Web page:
The Trinity is represented by three persons: Papa (who is a black woman), Jesus (as himself), and Sarayu (an Asian woman). Some people have been bothered that the Father and the Spirit were represented by women. However, in the storyline it is made clear that they are not really female, they are simply an anthropomorphism of God – much like “Aslan” represents God in the Narnia books.

What I liked about the book was how well the author illustrated the loving nature of God. This aspect of God’ s character shined through. God deeply loves Mack. He desires to heal Mack, to be in relationship with him, and to set him free. God loves all of us that way, the author makes it clear. A phrase that is repeated is that God is especially fond of you (each of us).

In the story God does not desire evil, it is not ordained by him. Yet God is able to accomplish his purposes through the way he responds to evil – with his unconditional love.

One concern I have about the book is that it seems to imply universalism – the idea that everyone will be saved in the end. This concept is not explicitly stated, but I can see readers arriving at such a conclusion.

The outright hostile reviews of the book are unwarranted. They seem to primarily come from Calvinists who have an ax to grind with the (Arminian) theology of the author. This is unfortunate.

In conclusion, I recommend this book. However, it should not be taken as “gospel”. It should not be read in place of scripture. In the end it is simply a story – but a very moving one at that.

Some other reviews:
Greg Boyd (positive)
Tim Challies (negative)

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Book Review: Passion for the Heart of God

Passion for the Heart of God, by John Zumwalt

Zumwalt makes the case that the reason the church exists is to fulfill the great commission. God loves people. It breaks his heart that there are so many who have never heard his name. He yearns to be in relationship with the unreached people of the world. What grieves God ought to grieve us too.

Zumwalt argues that much of the problem with the Western church is that we have lost focus on what matters to God, and instead focus on ourselves. He argues that the Christian walk is not meant to be easy. Blessings that we receive aren’t meant for us to be used selfishly, but are given so that God’s name will be known among the nations. The same is true of the nation of Israel. Israel was chosen not just to be blessed, but instead to be used by God as part of his plan to reconcile every nation to him.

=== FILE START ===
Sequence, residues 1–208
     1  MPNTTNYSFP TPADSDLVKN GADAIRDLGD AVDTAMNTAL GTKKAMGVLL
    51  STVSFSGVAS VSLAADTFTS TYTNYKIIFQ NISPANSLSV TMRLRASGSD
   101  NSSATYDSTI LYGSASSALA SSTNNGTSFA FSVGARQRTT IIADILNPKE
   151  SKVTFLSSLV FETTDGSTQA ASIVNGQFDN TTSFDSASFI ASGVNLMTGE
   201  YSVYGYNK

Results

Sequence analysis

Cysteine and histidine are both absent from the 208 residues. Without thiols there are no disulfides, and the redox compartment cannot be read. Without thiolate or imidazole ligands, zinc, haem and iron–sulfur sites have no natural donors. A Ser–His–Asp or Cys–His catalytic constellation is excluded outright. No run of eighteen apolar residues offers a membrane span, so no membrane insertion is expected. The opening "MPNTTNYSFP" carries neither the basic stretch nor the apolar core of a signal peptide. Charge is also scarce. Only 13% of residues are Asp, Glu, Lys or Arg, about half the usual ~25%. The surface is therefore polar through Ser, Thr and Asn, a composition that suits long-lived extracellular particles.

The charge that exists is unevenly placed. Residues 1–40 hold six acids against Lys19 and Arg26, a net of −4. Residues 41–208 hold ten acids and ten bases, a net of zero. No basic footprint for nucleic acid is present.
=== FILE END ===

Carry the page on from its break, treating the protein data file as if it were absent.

This is a challenging book. It is easy to understand, but it is not so easy to apply.

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Review of Roger Olson’s Book: Arminian Theology: Myths And Realities

Review of Roger Olson’s Book: Arminian Theology: Myths And Realities

The Calvinist/Arminian debate is often conducted in a way that is hurtful and lacks grace. If you are looking for a book that explains the Arminian view and at the same time treats the Calvinist view with respect, then this is for you.

This book is not a rejection of Calvinism, but instead is an explanation of why Arminians believe the way they do. Olson does not set out to disprove Calvinism.

I appreciated that Olson is not afraid to tackle those from his tradition if he believes that their theology is flawed in any way. For example he points out some of the shortcomings of the later Remonstrants (like Limborch) and he also points out some of the weaknesses of John Wesley.

The book was not an easy read. It was written at a level where I had to struggle at times to fully comprehend. The chapter on the theories of atonement was the most difficult.